Over 100 works by African American artists and others from the 1960s Civil Rights Movement show powerful responses in art to events of black history. Marking the fiftieth anniversary of the Civil Rights Act of 1964, Witness accompanies an exhibition organized by the Brooklyn Museum and demonstrates the array of aesthetic strategies through which 1960s artists engaged in the struggle for racial justice. Personal recollections from artists including Mark di Suvero and Jack Whitten intertwine with rich illustration, engaging essays, and documentary photos--including Dr. Martin Luther King, Jr. and freedom marchers on the Selma-to-Montgomery March, and Gordon Parks's photos of the Black Panther Party and Muhammad Ali--along with a comprehensive chronology of the period from 1954 to the 1970s. nbsp; African American artists featured include Romare Bearden, Elizabeth Catlett, David Hammons, and Melvin Edwards. Represented as well are notable artists who recorded aspects of the Civil Rights struggle, including Richard Avedon, Bruce Davidson, Andy Warhol, Robert Indiana, and Philip Guston. This collection of emotionally resonant artworks lets us see the Civil Rights movement with new eyes and is a fitting tribute to a turbulent period in history, whose struggles continue to shape America.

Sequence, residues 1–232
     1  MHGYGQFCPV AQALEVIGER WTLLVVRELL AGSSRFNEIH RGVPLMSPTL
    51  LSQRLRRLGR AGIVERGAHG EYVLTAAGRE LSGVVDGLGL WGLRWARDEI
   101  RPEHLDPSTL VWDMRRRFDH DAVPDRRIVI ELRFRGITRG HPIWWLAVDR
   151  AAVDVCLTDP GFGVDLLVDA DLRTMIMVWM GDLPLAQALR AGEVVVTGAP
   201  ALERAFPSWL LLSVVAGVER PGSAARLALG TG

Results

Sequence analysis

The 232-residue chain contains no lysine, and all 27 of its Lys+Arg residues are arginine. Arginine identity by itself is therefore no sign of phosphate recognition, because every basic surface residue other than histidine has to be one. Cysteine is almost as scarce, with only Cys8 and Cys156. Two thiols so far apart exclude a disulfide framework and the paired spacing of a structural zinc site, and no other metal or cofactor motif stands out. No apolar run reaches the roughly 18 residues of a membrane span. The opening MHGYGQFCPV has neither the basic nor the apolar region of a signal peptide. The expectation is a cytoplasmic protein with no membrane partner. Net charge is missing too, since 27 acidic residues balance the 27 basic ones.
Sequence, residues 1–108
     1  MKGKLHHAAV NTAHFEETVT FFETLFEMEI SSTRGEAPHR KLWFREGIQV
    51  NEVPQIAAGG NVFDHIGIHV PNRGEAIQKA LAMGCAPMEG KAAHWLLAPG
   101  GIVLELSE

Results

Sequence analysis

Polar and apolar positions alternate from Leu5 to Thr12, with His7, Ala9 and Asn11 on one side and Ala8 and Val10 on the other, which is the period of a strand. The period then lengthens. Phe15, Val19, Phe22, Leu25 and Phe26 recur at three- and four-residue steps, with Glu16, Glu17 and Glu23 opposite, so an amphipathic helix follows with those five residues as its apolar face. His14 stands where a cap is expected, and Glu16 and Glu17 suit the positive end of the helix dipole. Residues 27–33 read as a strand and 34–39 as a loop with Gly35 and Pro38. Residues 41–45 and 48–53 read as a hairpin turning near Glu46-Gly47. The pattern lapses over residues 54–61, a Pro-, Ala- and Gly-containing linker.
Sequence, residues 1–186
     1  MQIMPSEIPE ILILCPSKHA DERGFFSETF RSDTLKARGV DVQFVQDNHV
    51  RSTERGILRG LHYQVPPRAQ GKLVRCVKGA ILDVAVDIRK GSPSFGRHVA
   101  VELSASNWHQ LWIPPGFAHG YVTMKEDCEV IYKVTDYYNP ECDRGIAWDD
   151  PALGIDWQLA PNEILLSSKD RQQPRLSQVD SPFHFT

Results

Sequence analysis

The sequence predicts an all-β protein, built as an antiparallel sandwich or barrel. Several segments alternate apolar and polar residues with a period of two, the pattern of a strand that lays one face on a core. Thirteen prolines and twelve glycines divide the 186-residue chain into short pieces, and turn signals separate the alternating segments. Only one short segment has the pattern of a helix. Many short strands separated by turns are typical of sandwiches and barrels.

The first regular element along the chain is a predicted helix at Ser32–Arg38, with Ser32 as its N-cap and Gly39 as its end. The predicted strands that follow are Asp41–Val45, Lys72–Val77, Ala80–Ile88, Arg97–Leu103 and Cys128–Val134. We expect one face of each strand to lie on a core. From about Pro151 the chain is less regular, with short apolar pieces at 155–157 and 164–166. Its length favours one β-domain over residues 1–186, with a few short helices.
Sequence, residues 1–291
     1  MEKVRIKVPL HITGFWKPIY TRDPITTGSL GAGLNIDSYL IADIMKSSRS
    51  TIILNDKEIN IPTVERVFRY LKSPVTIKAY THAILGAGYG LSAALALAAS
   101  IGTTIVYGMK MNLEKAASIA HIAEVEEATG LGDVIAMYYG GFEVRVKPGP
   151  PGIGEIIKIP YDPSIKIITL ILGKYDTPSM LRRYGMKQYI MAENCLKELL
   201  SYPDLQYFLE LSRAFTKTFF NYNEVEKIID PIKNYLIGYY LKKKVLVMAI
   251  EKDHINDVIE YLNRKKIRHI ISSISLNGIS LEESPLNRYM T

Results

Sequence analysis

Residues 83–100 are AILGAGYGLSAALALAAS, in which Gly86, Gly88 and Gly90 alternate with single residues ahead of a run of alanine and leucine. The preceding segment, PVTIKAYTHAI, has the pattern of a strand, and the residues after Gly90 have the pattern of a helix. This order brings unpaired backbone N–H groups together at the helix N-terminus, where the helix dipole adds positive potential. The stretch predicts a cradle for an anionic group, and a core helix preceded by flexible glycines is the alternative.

In this landmark guide, nearly two dozen essays by scholars, educators, and museum leaders suggest the next steps in the interpretation of African American history and culture from the colonial period to the twentieth century at history museums and historic sites. This diverse anthology addresses both historical research and interpretive methodologies, including investigating church and legal records, using social media, navigating sensitive or difficult topics, preserving historic places, engaging students and communities, and strengthening connections between local and national history. Case studies of exhibitions, tours, and school programs from around the country provide practical inspiration, including photographs of projects and examples of exhibit label text. Highlights include: Amanda Seymour discusses the prevalence of "false nostalgia" at the homes of the first five presidents and offers practical solutions to create a more inclusive, nuanced history. Dr. Bernard Powers reveals that African American church records are a rich but often overlooked source for developing a more complete portrayal of individuals and communities. Dr. David Young, executive director of Cliveden, uses his experience in reinterpreting this National Historic Landmark to identify four ways that people respond to a history that has been too often untold, ignored, or appropriated and how museums and historic sites can constructively respond. Dr. Matthew Pinsker explains that historic sites may be missing a huge opportunity in telling the story of freedom and emancipation by focusing on the underground railroad rather than its much bigger "upper-ground" counterpart. Martha Katz-Hyman tackles the challenges of interpreting the material culture of both enslaved and free African Americans in the years before the Civil War by discussing the furnishing of period rooms. Dr. Benjamin Filene describes three "micro-public history" projects that lead to new ways of understanding the past, handling source limitations, building partnerships, and reaching audiences. Andrea Jones shares her approach for engaging students through historical simulations based on the "Fight for Your Rights" school program at the Atlanta History Center. A exhibit on African American Vietnam War veterans at the Heinz History Center not only linked local and international events, but became an award-winning model of civic engagement. A collaboration between a university and museum that began as a local history project interpreting the Scottsboro Boys Trial as a website and brochure ended up changing Alabama law. A list of national organizations and an extensive bibliography on the interpretation of African American history provide convenient gateways to additional resources."